Many students come to Perkins with the goal of moving into a new job, advancing in a current career, or becoming ordained.
Stephanie Bohan’s goal, however, is to just keep on doing the job she’s already doing – “until the day I die,” she jokes – but doing it better.
Bohan is Executive Director of The Agape Clinic, a nonprofit medical clinic which serves the community of East Dallas. On top of her job, she is pursuing a Master of Arts in Ministry degree part-time with a concentration in nonprofit leadership, which Perkins offers in partnership with the Cox School of Business.
Bohan credits serendipity for the choice. A sermon by her pastor, the Rev. Judith Reedy of Grace United Methodist Church, led her to Perkins’ website.
“Judith said something about being a servant leader, I don’t remember exactly, except it made me go look at the website,” she said. “When I discovered the M.A.M. program, I felt it had been created specifically for me.”
She became the first student to declare an intention to earn the degree with the nonprofit leadership focus.
“I want to be the best leader I can be,” she said. “I was nervous at first; it had been at least 20 or 30 years since I turned in a paper for a grade. But I’ve been ridiculously blessed in this program.” So far, she’s earned straight A’s.
“Every time I step on the campus, I feel like I’m becoming a better person and learning to become a better servant,” Bohan said.
Founded by Dr. Barbara Baxter, who is also medical director and a member of Highland Park United Methodist Church — which played an instrumental role in the clinic’s creation —The Agape Clinic is the oldest charity medical clinic in Dallas and is independently funded. The clinic provides medical and dental care for anyone and everyone who asks for help. The clinic was located in the basement of Grace UMC for 33 years, until the clinic purchased the building across the street.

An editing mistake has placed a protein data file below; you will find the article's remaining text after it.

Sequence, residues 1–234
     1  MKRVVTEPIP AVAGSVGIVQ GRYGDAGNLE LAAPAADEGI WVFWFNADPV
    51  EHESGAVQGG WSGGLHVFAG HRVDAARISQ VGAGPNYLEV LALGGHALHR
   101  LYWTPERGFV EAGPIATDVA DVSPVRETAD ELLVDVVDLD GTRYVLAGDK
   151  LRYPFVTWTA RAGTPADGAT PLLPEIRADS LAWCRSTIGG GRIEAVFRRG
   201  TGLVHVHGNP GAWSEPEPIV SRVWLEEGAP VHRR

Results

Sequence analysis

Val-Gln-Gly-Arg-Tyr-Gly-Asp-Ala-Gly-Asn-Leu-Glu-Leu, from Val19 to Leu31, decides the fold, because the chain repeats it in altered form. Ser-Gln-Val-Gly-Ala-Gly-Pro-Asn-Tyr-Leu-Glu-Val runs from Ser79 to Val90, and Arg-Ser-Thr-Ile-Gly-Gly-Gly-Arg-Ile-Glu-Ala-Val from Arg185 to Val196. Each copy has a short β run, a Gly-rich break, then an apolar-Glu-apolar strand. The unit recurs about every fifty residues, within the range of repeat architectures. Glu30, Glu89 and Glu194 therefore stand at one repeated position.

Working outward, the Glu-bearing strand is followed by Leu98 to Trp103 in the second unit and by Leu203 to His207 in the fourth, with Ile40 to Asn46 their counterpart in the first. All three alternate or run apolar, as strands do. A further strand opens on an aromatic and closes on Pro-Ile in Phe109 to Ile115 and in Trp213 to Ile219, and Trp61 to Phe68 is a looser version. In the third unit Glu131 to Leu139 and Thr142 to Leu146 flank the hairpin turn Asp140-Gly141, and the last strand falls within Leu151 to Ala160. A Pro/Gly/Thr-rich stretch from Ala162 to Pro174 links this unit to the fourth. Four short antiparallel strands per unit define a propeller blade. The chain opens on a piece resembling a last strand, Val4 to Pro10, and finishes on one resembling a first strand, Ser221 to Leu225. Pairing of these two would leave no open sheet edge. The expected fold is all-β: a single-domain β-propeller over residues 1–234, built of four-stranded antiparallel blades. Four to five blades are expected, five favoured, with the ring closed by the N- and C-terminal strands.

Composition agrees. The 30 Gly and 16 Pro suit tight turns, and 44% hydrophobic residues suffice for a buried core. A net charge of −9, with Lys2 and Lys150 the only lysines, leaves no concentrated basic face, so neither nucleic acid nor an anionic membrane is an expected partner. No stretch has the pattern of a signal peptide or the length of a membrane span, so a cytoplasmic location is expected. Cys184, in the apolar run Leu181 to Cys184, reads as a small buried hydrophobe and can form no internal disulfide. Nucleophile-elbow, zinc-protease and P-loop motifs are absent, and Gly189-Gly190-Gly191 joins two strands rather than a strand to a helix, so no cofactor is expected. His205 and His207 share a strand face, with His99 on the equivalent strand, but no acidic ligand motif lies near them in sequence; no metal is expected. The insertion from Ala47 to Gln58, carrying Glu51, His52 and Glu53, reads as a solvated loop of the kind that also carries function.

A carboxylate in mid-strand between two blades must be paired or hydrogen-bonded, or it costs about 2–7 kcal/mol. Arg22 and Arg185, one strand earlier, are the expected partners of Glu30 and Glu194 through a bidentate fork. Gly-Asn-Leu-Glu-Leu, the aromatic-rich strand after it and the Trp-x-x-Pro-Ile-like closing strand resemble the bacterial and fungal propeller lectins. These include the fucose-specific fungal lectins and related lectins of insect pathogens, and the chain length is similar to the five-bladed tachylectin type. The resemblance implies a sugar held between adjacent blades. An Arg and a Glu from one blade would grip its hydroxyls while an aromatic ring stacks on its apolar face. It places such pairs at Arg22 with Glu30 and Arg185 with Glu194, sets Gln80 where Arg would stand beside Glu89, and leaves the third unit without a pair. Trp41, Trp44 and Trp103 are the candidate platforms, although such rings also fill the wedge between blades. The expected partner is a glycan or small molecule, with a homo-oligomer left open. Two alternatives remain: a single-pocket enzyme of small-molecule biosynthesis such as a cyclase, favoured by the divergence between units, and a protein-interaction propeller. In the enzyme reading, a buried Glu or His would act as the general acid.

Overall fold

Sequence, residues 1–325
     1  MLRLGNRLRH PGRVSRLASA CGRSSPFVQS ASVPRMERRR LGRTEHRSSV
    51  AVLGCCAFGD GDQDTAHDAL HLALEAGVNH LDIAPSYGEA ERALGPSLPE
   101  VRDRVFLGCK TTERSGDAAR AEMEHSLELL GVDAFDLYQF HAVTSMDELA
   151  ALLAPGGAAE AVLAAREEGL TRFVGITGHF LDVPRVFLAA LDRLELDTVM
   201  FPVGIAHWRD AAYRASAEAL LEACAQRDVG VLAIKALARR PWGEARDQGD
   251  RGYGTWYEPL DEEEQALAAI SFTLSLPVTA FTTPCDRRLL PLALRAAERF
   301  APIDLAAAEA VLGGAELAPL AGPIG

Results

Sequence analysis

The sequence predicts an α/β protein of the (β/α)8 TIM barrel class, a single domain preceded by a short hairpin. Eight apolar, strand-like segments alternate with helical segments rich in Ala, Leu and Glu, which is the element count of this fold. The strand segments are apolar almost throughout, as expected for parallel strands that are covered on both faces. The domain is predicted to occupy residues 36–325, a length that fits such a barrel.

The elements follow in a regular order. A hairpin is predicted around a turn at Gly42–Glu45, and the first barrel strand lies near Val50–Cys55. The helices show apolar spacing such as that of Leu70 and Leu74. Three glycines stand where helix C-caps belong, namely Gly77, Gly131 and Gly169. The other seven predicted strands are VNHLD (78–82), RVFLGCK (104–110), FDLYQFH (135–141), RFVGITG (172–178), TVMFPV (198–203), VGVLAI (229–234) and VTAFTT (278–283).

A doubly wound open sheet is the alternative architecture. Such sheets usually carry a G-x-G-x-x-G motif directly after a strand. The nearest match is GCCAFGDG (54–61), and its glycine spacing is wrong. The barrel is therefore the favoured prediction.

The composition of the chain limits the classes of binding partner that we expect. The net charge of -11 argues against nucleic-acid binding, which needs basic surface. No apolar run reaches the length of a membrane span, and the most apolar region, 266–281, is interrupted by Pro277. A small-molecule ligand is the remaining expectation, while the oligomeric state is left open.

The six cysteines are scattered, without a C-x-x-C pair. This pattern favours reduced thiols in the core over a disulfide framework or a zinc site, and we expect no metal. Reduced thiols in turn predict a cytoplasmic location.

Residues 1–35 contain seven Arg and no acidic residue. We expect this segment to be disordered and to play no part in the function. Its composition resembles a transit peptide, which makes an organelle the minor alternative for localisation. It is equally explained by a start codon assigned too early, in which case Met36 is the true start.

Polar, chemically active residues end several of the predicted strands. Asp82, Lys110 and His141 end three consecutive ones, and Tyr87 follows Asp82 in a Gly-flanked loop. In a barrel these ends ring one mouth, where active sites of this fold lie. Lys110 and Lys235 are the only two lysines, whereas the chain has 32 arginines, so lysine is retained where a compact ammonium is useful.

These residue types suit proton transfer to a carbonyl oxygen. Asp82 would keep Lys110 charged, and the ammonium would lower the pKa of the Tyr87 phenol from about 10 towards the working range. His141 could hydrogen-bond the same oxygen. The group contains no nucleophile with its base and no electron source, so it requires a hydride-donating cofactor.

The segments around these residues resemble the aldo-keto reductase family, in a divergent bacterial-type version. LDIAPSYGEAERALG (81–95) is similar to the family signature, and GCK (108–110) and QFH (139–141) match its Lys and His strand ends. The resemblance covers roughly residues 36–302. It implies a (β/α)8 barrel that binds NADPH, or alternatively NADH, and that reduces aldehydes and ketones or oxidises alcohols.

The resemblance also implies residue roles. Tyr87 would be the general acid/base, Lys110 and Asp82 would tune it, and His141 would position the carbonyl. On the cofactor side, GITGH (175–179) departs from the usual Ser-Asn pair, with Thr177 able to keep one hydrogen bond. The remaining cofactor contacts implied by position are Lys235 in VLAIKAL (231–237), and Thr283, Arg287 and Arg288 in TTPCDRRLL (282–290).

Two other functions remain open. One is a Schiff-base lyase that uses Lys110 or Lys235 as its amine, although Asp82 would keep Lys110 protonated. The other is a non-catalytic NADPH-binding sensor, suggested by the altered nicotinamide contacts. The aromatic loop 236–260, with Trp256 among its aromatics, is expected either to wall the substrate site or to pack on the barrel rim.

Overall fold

Since Bohan joined in 2010, the Clinic has expanded its reach, from 2,800 patient visits to 18,000 patient visits per year, now delivering some $8 million in care to patients on a $850,000 annual budget, thanks to volunteers, donations and partnerships with educational institutions. Dental services are provided by students at the nearby Texas A&M College of Dentistry.
A “cradle Catholic” who’s now a United Methodist, Bohan is a graduate of Catholic University in Washington, D.C., where she earned her degree in philosophy. Previously, she held positions in development at a Catholic elementary school and the Dallas Holocaust Museum.
“I discovered I was naturally good at this,” she said. “I realized that nonprofit management was about doing good work and communicating it effectively. When you do that, you’ll never have to ask anyone for money. People naturally want to give and support you. Just stay focused on doing good work for the right reason.”
Bohan said she was fearful when she started the job at Agape – fearful there wouldn’t be enough money, fearful they’d have to turn patients away, fearful they couldn’t serve everyone, fearful of failure. None of those fears materialized.
“There have been a million miracles that I have been privileged to witness,” she said. “I get to witness people giving of their time, lives saved, families kept whole because they didn’t lose a mom, a dad, or a child because they received good medical care,” Bohan said. “My life has been full of blessings that I could never have imagined because of this work.”
Through her Perkins education, Bohan said, she’s getting closer to God, and preparing the way for more miracles.
“If I’m a better servant, there are even more blessings to come,” she said.